The event which catapulted Danny McGurk into a fatal vortex was something so innocuous that elsewhere it would have been forgotten about almost as soon as it happened. But where secret societies are concerned, a membership that likes to delude itself about its own importance can often take major affront at minor flouting of its grossly inflated sense of prestige. Inadvertently letting the air our of such delusions may have been what Danny McGurk set in motion when he vigorously protested being denied access to a West Belfast pub which happened to be hosting a fund raising function for republican prisoners. He had no interest in the function for its own sake. The venue was one of his locals and normally handy for a drink. He held no fixed or firm views on the body the prisoners belonged to - the Real IRA - one way or the other. While having defended their heavily outnumbered members during his time in prison where they were under attack from loyalists, he saw this as simply helping fellow nationalists in the face of assault from a common enemy. At the time he was serving a six-year sentence, having been convicted of involvement in an incident, which resulted in the death of a local man. Whatever role he played in the act which lead to his imprisonment, his mother readily admits that Danny was 'no angel.' She described her son as a 'hard man' who was handy with his fists and who could look after himself. 'But he was popular enough. There were over 1200 mass cards arrived at house for Danny. He had more friends than enemies.'

After he had been refused access to the function on the grounds that he had had too much to drink already, a minor fracas developed. Danny allegedly pushed a leading member of the 32 County Sovereignty Movement, after which he was 'gripped' outside the bar by others and had a gun placed to his head. He was informed that he would have to turn up at the Rock streets the following day to be shot in the legs. When his sister Mary learned of this her alarm coupled with her anger was such that Danny bent to her will, took her advice, and declined to turn up.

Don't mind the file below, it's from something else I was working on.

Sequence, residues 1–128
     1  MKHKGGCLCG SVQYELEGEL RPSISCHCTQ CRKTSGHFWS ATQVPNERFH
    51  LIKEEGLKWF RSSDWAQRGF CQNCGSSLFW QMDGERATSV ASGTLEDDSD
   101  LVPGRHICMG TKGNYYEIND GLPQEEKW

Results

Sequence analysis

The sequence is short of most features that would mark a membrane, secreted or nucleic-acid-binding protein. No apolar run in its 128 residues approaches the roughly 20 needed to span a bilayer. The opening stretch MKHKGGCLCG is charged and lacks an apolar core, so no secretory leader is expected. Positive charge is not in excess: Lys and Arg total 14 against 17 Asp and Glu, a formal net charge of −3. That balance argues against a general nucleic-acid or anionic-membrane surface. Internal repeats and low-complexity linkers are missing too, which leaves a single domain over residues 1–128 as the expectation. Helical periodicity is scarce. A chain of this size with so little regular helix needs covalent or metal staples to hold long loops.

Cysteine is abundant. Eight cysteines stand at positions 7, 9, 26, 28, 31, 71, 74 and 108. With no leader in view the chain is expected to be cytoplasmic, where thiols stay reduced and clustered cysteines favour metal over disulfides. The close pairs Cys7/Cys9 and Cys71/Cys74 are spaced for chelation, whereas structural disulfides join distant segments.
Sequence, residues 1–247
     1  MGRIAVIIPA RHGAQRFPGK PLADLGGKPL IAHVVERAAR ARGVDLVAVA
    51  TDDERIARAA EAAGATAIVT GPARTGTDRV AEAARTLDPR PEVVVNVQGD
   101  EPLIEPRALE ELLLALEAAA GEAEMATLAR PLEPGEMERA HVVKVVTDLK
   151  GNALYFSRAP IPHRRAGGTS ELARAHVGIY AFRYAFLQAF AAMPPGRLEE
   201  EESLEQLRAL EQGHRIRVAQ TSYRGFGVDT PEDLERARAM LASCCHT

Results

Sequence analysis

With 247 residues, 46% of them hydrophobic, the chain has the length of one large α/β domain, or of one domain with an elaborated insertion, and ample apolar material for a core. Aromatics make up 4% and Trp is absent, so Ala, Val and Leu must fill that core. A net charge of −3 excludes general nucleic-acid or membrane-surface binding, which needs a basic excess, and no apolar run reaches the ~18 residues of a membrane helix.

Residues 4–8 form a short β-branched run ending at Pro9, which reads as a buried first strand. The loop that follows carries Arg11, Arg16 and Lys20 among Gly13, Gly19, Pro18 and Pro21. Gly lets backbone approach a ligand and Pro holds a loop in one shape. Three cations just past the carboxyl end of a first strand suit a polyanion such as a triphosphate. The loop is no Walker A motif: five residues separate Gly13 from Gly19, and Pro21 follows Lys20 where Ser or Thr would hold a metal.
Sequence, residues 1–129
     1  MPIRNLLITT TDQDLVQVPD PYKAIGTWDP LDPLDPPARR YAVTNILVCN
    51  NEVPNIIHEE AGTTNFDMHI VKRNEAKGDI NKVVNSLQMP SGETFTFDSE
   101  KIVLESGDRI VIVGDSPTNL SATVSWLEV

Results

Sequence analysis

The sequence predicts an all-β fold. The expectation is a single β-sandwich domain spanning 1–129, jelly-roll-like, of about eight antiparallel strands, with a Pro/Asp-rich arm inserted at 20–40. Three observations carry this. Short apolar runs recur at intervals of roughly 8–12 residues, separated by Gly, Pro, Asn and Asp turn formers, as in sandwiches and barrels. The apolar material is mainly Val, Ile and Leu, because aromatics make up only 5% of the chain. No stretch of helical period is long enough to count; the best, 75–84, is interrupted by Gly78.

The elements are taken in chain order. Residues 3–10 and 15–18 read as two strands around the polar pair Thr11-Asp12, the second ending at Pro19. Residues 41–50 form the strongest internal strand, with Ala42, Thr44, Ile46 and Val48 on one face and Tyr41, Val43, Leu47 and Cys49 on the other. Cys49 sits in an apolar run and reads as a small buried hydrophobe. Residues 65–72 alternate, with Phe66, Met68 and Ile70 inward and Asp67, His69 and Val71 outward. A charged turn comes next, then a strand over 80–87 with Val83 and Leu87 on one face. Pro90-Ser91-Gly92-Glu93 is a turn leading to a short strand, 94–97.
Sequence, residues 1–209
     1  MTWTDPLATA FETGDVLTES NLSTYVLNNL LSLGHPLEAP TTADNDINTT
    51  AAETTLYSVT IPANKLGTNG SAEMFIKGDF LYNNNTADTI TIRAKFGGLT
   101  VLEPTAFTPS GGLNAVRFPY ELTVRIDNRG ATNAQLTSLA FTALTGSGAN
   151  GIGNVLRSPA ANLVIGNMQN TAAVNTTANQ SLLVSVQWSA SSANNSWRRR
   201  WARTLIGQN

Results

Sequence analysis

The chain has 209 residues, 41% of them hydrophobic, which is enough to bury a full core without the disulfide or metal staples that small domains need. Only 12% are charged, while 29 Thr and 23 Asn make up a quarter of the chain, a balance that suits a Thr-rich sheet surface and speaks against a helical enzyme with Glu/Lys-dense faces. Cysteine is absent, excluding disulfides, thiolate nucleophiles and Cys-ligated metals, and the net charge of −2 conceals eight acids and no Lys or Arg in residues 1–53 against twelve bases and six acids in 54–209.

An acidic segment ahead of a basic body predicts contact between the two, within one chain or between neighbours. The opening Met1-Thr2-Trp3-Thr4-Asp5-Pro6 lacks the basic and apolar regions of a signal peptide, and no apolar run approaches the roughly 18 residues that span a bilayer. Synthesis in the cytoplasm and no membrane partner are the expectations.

Concerned at the way events had developed and instinctively knowing that such minor disputes can quickly become a vendetta Martin McGurk, Danny's brother, met two members of the Real IRA in a bid to resolve the matter. They seemed unconcerned and assured Martin that his younger brother had made a mountain out of a molehill. As far as they were concerned that was the matter over with.

And so it seemed to be. Over the next four weeks nothing happened. The calm was ruptured, however, on a Saturday evening when members of the Real IRA drinking in a house in the Lower Falls took exception to a man urinating against a wall in the street. The man was part of a separate group of three drinkers, whose number included another brother of Danny. Danny at this point arrived on the scene and intervened to protect his brother. The Real IRA members backed off but within a short time period two carloads of reinforcements arrived at the scene and began to beat Danny with a wheel brace. Danny was furious at being beaten like this and seethed with anger. The following evening he promised to get those who hammered him one by one. It was a high-risk venture. People didn't join the ranks of the Real IRA because they valued settling differences peacefully.